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The junior combo forward carved out a meaningful role as a bench contributor. What did he bring to the table, and how can he improve in his final year?
As we do every year, we’re wrapping up the Mizzou basketball season with Q&As on every one of Missouri’s major contributors. To catch up on our first two posts in this series, see the link below:
Today, we’re focusing our gaze upon Mitchell Smith, the lanky combo forward who found himself to be a key bench player in his junior season.
After three years in black and gold, Mitchell Smith finally carved out a pretty meaningful role in this year’s rotation. What value did he bring to the Tigers?
Sam Snelling, Site Manager: It’s often difficult to determine when the light bulb will go on for any player within any given system. I think Mitchell bought into Cuonzo Martin and the program last year, but it wasn’t until the Bragging Rights game this year where I felt the switch was on. He got it. Mitch learned to play with a ferocity required to be a good defender and rebounder. He made the decision to be the guy every team needs. One who doesn’t care about the kinds of stat columns most players care about; instead he’s bought into doing what it takes to get the win. I think it’s for those reasons why Mitchell became such an important guy in the lineup of the course of this past season.
Matt Harris, Lead Basketball Writer: Missouri’s defensive approach relies on a guy like Mitchell Smith. The Tigers’ scheme rests on timely rotations, clean switches, contested shots and securing misses. Its meat-and-potatoes. By and large, Smith is capable of guarding four positions, and his defensive rebounding percentage (19.1) ranked 10th in the SEC. While I wouldn’t want Smith isolated on an top-shelf creator, he’s better than some might expect at closing down shooters without giving up a gap to drive. And while he can be muscled in the post, he’s sturdy enough to hang with most combo forwards. Malleability is his best asset.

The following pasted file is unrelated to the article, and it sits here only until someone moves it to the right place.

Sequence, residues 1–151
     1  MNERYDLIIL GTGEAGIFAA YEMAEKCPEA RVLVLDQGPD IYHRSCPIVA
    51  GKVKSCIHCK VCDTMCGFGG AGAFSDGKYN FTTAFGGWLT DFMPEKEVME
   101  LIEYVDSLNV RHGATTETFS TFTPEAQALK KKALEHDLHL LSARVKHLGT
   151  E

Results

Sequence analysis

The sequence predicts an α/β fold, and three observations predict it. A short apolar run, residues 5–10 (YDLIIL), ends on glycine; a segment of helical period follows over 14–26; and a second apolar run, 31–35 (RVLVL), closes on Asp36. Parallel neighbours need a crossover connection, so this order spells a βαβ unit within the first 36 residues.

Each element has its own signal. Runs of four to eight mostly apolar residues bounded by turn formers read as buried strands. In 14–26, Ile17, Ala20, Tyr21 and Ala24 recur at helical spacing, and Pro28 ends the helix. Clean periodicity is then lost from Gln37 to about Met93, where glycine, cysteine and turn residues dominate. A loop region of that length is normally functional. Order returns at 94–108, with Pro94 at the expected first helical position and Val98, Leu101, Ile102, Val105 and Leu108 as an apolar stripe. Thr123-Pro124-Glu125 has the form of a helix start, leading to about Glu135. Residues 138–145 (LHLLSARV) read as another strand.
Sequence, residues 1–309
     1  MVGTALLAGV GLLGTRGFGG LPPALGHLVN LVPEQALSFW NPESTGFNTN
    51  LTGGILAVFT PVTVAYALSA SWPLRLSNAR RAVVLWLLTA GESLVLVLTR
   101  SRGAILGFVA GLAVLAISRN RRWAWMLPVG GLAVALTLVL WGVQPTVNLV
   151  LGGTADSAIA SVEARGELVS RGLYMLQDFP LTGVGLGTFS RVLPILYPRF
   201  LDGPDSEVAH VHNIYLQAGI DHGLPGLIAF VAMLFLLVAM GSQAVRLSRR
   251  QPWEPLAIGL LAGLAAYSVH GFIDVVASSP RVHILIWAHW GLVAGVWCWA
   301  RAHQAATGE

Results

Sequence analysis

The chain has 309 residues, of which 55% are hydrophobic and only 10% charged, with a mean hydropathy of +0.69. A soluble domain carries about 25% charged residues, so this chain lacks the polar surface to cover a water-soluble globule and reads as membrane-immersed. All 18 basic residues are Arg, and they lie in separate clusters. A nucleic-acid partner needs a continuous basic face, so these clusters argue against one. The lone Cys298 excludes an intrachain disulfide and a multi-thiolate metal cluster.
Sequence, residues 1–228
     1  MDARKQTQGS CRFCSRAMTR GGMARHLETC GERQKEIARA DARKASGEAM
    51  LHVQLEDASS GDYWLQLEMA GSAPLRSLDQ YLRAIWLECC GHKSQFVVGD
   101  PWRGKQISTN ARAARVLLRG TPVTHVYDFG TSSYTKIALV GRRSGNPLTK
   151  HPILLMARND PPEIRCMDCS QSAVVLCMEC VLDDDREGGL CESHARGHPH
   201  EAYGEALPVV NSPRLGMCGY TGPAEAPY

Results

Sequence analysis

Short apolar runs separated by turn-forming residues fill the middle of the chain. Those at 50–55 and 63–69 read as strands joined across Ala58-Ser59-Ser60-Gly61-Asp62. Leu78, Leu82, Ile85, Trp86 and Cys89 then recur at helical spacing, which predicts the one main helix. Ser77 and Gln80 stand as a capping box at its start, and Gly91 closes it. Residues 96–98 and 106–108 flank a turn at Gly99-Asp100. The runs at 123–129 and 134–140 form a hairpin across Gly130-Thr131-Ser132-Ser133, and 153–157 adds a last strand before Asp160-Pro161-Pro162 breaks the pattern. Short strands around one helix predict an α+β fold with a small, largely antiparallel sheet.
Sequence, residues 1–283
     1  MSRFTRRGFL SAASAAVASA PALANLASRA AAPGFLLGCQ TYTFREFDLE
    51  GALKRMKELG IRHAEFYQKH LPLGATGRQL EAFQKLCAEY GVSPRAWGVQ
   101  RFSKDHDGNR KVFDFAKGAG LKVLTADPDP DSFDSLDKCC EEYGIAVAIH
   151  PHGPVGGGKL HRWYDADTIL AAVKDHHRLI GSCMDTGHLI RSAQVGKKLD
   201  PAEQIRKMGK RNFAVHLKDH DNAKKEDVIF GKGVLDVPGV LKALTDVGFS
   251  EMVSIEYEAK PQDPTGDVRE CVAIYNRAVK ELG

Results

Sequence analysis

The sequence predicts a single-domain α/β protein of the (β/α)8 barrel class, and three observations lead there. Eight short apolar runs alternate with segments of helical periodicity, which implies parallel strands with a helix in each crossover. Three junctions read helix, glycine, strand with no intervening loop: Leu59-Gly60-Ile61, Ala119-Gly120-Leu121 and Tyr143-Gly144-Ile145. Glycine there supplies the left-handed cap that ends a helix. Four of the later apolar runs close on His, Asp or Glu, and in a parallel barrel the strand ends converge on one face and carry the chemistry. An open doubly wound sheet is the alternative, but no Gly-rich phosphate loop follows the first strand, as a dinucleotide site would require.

Josh Matejka, Deputy Manager: Much like Reed Nikko, Mitchell Smith is a guy who knows his role and makes the most of it. And despite the desperate need for high-end talent, there’s value in those types of guys. Smith could qualify as an “energy” guy off the bench, but he’s also made strides in other areas of his game. He won’t hurt you on defense like he used to, he continues to be a strong presence on the defensive glass and he’s turned into quite a threat at the charity stripe. His frame and athleticism also give Cuonzo Martin some switch-ability on defense
Ryan Herrera, Lead Basketball Beat Writer: Is there a way to quantify energy? If so, Mitchell Smith tops Missouri’s leaderboard in that category. He has his faults, sure. He’s not a go-to scorer. His 3-point shooting is still a work in progress, and the volume might be a little too high at times. He really can’t do much in the post offensively, which pretty much keeps him glued to the perimeter. But that consistent energy is the most important thing he brings to the court. Whether it’s fighting for every board, diving after every loose ball or letting out a roar after essentially every score, Smith’s energy was more than welcome for a Missouri team looking for any boost in could get.
Despite the potential match up problems he creates, Smith still struggled at times adapting to his role — specifically when it came to jump shooting and defending down low. What’s holding him back?
Sam Snelling: Smith’s mechanics are problematic in that he has a long load time. He cocks the ball back behind his head and the longer shot motion can lead to a wider range of outcomes. He finishes his shot softly enough that it gives him a chance, so with more reps he could and likely will shoot better. But the gains are likely to be marginal. Smith’s body type is also slender, and there’s nothing he can change about that. It’s going to hurt him in out-toughing more naturally strong players. But Mizzou doesn’t need Mitch to take the next step offensively, they really just need him to be not awful, as long as they’re getting contributions from at least three other positions on the floor.
Matt Harris: To me, Smith’s not as putrid a shooter as portrayed. In a small sample size as a sophomore, he knocked down 41.7 percent of his 3-point attempts. Even as you scale up, his percentage shouldn’t have cratered by 12 points. Is he an elite shooter? No. A 34-percent shooter, which is around the NCAA average? More likely. That’s sufficient. Keep in mind, too, that he canned 36 percent of his attempts during SEC play.